BB. I can imagine that your work will resonate with many people who are still coming to terms with complex and difficult childhood experiences, not just in Nazi Germany but perhaps also under other political regimes across the world.

AL. Childhood is something that everyone has experienced. That means readers and audiences always have ideas about it and contributions to make. We often see in the media images of children suffering, the tragic case of Alan Kurdi (originally reported as Aylan Kurdi), for example. These images can easily become iconic but often do little to change the lives of children. I wanted in my book to explore the experiences of children as having agency and not just as innocents who suffer passively and silently. If you spend time with children, this is abundantly clear, but often this reality is lost when children become the subject of literature or film.

BB. What is next on your agenda? Are you moving on to a fresh research project, or working further on issues emerging from this volume?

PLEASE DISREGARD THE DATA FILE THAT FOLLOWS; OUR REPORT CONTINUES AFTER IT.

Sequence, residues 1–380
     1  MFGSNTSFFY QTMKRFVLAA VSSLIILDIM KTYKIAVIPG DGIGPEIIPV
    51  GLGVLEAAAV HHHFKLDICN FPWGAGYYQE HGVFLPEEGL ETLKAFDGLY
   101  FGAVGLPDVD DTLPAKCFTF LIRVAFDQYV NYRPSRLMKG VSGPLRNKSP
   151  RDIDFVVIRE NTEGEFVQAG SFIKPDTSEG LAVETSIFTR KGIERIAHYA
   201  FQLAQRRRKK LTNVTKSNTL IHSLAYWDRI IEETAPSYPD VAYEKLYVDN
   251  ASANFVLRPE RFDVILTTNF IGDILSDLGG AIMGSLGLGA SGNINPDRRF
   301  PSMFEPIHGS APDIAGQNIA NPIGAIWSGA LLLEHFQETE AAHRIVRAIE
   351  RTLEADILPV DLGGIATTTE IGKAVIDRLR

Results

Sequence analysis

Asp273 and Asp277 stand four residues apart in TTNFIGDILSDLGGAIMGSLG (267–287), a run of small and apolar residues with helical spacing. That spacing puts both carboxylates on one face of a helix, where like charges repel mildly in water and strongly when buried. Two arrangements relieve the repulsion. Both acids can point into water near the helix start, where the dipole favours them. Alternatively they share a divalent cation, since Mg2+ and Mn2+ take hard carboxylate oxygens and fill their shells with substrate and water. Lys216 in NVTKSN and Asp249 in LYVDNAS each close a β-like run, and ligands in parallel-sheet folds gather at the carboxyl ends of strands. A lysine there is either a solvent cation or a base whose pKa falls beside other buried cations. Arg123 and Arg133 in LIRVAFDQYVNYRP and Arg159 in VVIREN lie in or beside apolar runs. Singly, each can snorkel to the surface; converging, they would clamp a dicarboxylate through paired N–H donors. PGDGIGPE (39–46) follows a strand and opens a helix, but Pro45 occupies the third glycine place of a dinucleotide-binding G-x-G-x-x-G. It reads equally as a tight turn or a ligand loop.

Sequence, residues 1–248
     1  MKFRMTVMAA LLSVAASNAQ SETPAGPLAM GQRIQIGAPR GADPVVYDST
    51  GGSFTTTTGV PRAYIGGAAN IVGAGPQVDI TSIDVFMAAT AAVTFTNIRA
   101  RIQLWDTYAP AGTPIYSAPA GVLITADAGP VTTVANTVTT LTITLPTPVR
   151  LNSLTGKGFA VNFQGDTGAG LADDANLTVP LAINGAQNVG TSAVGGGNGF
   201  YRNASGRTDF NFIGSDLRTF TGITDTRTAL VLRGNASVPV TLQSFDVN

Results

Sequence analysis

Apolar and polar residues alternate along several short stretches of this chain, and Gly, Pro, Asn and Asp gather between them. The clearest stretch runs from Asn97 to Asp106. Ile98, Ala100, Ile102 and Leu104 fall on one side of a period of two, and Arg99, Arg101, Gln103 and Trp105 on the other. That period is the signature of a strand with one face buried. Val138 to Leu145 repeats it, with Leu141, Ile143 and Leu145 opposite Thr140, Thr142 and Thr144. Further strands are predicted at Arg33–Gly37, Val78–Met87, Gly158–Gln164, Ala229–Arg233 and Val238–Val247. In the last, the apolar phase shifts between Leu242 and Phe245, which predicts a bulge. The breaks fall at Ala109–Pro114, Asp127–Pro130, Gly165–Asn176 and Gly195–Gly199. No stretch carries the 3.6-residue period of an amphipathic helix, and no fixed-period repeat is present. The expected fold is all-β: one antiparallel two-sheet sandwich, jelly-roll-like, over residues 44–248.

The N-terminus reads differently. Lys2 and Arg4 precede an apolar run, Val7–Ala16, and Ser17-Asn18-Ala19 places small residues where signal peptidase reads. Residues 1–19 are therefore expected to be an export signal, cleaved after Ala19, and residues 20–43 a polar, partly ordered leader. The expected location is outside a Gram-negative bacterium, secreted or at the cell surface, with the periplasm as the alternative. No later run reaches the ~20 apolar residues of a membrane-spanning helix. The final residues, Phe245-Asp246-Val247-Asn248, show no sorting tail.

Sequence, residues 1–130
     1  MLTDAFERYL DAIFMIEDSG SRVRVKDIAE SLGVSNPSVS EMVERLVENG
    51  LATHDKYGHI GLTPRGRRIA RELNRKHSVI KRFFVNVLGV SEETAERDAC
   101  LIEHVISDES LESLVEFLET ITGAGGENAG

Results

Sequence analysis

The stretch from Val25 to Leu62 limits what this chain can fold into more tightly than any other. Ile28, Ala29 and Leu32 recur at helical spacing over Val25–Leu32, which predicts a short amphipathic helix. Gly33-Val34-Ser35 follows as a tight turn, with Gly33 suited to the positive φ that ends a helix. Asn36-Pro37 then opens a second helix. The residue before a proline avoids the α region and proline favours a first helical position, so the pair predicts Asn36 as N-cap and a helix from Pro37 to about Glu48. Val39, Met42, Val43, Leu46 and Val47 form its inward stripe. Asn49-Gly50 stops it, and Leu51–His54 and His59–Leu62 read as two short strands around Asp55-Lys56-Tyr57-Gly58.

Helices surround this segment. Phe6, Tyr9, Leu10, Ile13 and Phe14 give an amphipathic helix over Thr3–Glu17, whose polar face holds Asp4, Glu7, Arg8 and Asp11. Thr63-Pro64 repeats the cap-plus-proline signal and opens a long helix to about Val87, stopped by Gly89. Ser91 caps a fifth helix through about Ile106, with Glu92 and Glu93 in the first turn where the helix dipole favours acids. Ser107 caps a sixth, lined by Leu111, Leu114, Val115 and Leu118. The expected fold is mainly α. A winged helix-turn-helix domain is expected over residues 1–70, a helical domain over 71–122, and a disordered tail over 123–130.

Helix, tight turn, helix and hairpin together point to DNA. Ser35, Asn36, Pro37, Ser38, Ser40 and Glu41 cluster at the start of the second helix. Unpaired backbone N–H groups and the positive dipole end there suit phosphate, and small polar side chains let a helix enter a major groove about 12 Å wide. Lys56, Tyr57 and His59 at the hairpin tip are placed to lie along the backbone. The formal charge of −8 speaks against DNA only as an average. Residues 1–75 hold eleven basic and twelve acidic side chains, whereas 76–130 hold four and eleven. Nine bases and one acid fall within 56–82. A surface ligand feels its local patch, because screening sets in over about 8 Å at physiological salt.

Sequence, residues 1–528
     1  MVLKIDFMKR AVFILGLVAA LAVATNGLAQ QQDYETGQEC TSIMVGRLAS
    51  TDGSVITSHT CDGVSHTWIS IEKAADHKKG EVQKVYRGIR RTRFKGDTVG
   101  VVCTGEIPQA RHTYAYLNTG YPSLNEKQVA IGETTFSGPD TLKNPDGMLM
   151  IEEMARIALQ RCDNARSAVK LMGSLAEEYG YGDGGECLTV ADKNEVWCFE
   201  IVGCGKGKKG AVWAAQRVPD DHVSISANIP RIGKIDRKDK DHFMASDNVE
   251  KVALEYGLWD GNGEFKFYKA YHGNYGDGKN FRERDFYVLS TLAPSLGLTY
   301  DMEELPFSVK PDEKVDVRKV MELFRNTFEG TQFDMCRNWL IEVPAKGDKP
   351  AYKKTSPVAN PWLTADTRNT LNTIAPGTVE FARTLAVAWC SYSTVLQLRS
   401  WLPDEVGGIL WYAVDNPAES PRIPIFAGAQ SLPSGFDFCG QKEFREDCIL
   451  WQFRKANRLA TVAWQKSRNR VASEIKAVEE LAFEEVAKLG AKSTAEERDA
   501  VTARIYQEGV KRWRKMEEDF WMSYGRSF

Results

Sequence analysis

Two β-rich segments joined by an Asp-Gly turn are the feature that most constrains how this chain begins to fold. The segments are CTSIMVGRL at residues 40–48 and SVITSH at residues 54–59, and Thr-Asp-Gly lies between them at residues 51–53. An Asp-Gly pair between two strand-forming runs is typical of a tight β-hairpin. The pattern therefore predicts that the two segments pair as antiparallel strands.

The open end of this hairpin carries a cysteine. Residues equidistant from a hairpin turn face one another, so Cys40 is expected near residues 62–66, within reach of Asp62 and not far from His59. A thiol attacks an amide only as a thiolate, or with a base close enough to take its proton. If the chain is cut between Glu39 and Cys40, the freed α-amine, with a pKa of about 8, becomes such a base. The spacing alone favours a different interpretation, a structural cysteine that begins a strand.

AL. Since finishing Childhood, Memory, and the Nation, I’ve been researching the White Rose resistance circle, a group of students and a professor in Munich who produced anti-Nazi pamphlets in the early 1940s. My new book, Defying Hitler: The White Rose Pamphlets, is coming out with Bodleian Library Publishing in February 2022. I have also been working on a book about the depiction of the Third Reich and World War II in German-language comics and graphic literature.

BB. Finally, what do you do to relax?

AL. If I’m reading purely for pleasure, I tend to reach for J. G. Ballard, Graham Greene, Barbara Pym, or Jan Morris. I also enjoy reading about mountaineering and have just finished Walter Bonatti’s The Mountains of my Life. I spend a lot of my leisure time singing Gregorian chant and church music.